The Trans.lation pop-up market this Saturday in the Vickery Meadow area near Lake Highlands is part of a major nationwide effort to improve struggling communities through design.

Artist Rick Lowe — famous for his Project Rowe Houses in Houston — which transformed a violence-ridden and neglected neighborhood into an inviting urban village — is a leader of the movement and he, along with Dallas Nashar Sculpture Center and the Vickery Meadow improvement District, has led the Trans.lation project.

The Vickery Meadow-based Trans.lation project comprises a series of pop-up art markets to coincide with the Nasher’s 10th anniversary. In addition to tomorrow, upcoming events are set for Nov. 23, Dec. 21, Jan. 18 and Feb. 22 and “will enable the Vickery Meadow community to share their artistic talents and cultural traditions with each other and the greater Dallas community,” organizers say.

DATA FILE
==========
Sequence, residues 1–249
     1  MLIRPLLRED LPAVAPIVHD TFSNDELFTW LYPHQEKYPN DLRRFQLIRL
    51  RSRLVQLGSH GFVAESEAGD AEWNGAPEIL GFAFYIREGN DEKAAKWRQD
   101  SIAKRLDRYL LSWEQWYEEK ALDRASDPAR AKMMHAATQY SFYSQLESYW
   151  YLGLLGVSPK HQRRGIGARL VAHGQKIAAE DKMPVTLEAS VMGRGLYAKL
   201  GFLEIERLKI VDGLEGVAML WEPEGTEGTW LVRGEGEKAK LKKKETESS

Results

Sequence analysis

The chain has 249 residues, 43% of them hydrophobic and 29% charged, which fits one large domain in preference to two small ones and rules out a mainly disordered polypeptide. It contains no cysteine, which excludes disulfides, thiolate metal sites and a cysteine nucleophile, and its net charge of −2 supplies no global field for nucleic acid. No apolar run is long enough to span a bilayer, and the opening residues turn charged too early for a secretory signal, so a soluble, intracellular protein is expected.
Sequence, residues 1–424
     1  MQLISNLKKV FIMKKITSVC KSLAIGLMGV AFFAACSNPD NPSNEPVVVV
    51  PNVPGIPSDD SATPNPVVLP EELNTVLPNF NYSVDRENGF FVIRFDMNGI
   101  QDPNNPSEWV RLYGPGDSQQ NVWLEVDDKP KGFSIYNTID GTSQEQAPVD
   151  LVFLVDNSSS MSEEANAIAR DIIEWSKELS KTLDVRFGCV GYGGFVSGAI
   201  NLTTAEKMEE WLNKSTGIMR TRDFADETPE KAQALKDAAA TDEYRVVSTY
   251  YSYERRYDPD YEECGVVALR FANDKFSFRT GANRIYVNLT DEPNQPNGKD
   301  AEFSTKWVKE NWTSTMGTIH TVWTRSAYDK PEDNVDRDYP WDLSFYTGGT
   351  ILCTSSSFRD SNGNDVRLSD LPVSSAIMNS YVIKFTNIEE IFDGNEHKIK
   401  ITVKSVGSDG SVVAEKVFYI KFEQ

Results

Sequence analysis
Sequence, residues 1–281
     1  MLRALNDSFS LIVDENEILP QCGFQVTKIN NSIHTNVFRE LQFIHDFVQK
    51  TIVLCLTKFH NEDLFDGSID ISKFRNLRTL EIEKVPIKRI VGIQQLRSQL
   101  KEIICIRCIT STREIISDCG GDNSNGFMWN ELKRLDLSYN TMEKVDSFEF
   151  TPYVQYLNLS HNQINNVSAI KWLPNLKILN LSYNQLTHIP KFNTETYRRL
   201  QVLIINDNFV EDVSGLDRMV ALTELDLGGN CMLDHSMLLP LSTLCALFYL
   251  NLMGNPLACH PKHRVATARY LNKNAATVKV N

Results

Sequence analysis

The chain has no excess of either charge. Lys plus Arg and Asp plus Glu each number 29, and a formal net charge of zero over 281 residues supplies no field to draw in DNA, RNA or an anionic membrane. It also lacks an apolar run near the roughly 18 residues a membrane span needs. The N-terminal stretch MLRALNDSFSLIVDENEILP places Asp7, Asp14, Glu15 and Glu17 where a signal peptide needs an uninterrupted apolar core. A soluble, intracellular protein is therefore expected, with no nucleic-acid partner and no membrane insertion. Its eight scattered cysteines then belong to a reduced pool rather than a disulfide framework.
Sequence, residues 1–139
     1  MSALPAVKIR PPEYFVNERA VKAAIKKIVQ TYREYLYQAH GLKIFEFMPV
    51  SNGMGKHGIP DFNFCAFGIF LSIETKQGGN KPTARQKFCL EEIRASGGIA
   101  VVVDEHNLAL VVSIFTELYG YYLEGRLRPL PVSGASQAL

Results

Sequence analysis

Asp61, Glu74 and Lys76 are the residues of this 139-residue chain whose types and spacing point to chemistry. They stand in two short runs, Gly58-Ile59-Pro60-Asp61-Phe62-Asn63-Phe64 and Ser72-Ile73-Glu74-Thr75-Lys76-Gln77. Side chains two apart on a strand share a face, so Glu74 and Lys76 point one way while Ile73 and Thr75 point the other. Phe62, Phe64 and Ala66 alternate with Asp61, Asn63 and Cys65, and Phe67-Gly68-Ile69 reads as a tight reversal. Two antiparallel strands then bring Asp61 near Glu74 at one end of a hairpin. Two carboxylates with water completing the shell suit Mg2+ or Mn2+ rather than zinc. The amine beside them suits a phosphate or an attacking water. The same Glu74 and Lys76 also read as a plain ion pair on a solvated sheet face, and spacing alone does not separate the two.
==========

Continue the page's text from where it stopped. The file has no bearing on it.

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Vickery Meadow, a three-square mile area bordering Lake Highlands and housing some 36,000 residents, has appeared on the police’s violent-crime hotspots list every year for as long as I’ve covered news in our neighborhood (that would be eight years or so but who’s counting), but it has moved down the list from number one to number four.

That’s due to a tremendous effort by an altruistic group of people  — in 2011 we outlined the dramatic efforts of the Vickery Meadow Improvement District to enhance the quality of lives in the area.

A large portion Vickery Meadow residents are refugees from from Burma, Bhutan and Iraq.